An ancient village discovered on Triquet Island is 10,000 years older than the pyramids

Archaeologists uncovered Ice Age village that dates back 14,000 years, outdating the pyramids by 10,000 years.

In their oral history, the Heiltsuk people recount how the region encompassing Triquet Island, on the western coast of their territory in British Columbia, remained open land throughout the Ice Age.

An ancient village discovered on Triquet Island is 10,000 years older than the pyramids 1
Triquet Island (British Columbia), Canada. Image Credit: Keith Holmes / Hakai Institute / Fair Use

According to William Housty, a member of the Heiltsuk Nation, many people went to this particular place for survival since all around them was being overtaken by ice, the ocean was becoming icy, and food resources were becoming scarce.

In the early 2017, archaeologists in search of artifacts were excavating in a Heiltsuk village on Triquet Island (British Columbia), Canada, when they stumbled upon an incredible physical proof – a few bits of charcoal from an ancient firepit.

An analysis of the carbon pieces suggested that the village, abandoned since the 1800s due to a smallpox outbreak, was likely inhabited around 14,000 years ago, making it three times as ancient as the Giza pyramids and one of the oldest settlements in North America.

According to Alisha Gauvreau, a scholar at the Hakai Institute and a PhD candidate at the University of Victoria, who had been working at the Triquet Island site since the past few years, the archaeological evidence from Triquet Island suggests people have been inhabiting the area for tens of thousands of years; and there are several other sites that date back to around the same time period as the very early date obtained for Triquet Island.

Gauvreau explained the reason why Triquet Island remained visible throughout the Ice Age was due to stable sea levels in the vicinity, which is a phenomenon known as sea level hinge.

She elaborated that the majority of the landmass was under sheets of ice. As these glaciers began to retreat, the sea levels up and down the coast varied between 150 to 200 meters compared to here, where it stayed exactly the same.

The outcome was that people were able to go back to Triquet Island frequently. She also noted that, while other nearby areas demonstrate proof of ancient occupants, the inhabitants of Triquet Island “were clearly remaining longer than anyplace else.”

In addition to the discovery of charcoal at the site, she stated archaeologists had located tools such as obsidian blades, atlatls, spear throwers, fishhook fragments, and hand drills for starting fires.

Gauvreau further stated the evidence of the fallen assemblage, together with many other factors, suggests that the first humans made relatively basic stone tools out of materials easily accessible to them. She went on to say that this was likely done out of convenience.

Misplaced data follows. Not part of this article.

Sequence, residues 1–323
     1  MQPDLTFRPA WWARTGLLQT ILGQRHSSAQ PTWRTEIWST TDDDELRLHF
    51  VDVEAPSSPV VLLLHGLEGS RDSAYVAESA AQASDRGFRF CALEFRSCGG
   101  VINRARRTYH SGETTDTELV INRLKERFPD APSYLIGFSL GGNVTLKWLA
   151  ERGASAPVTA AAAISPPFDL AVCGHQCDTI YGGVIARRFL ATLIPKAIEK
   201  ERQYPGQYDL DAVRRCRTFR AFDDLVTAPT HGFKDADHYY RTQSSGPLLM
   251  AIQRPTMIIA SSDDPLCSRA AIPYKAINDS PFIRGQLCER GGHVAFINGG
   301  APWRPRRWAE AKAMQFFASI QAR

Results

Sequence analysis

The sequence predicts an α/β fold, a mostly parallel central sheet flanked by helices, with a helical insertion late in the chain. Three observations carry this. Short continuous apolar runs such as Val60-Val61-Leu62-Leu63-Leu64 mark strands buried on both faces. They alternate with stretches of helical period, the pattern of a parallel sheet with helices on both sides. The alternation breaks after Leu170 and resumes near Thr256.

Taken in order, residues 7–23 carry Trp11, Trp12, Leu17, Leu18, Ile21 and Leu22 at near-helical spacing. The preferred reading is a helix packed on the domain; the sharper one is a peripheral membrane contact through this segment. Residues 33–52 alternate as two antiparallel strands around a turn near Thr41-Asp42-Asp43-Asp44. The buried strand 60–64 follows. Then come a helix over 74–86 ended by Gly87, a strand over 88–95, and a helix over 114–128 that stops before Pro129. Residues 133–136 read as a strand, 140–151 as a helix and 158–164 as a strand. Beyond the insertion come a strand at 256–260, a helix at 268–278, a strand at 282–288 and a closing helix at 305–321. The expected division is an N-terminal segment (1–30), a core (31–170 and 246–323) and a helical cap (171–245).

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A pair of native Indian Heiltsuk puppets on display in the collection of the UBC Museum of Anthropology in Vancouver, Canada. “The stories that were passed down from generation to generation turned out to lead to a scientific discovery,” according to Housty. Public Domain

The site also indicated that early people employed boats to capture marine mammals and collect shellfish, according to the source. Additionally, people in the same period journeyed long distances to acquire nonlocal materials such as obsidian, greenstone, and graphite to make tools.

Archaeologists and anthropologists were bolstered by the find in their idea of the “Kelp Highway Hypothesis” which suggests that the first inhabitants of North America used boats and followed the coastline in order to avoid the icy terrain.

Gauvreau affirmed that the evidence points to people being able to navigate the coastal area via boat or other watercraft.

For the Heiltsuk Nation, having collaborated with archaeologists for years to pass on knowledge and recognize sites like Triquet Island, the revised archaeological record furnished fresh evidence as well.

This nation is in the habit of discussing with the Canadian government concerning matters of land governance and natural resource handling – negotiations that are partly reliant on the community’s obscured oral history of inhabiting the region for extended periods.

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Archaeologists at the site are unearthing tools for lighting fires, fish hooks and spears dating back to the Ice Age. Image Credit: Hakai Institute / Fair Use

“So when we’re at the table with our oral history, it’s like me telling you a story,” Housty explained. “And you have to believe me without seeing any evidence.”

He stated that with both oral history and archaeological evidence in unison, a compelling narrative is created, giving the Heiltsuk an advantage in their negotiations. He remarked that it would have a noteworthy effect and, without doubt, give them an advantage in further discussions with the government.